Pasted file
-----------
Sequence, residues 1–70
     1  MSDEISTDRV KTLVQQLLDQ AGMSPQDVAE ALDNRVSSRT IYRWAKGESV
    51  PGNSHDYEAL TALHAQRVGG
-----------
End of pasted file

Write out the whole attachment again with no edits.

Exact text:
Sequence, residues 1–70
     1  MSDEISTDRV KTLVQQLLDQ AGMSPQDVAE ALDNRVSSRT IYRWAKGESV
    51  PGNSHDYEAL TALHAQRVGG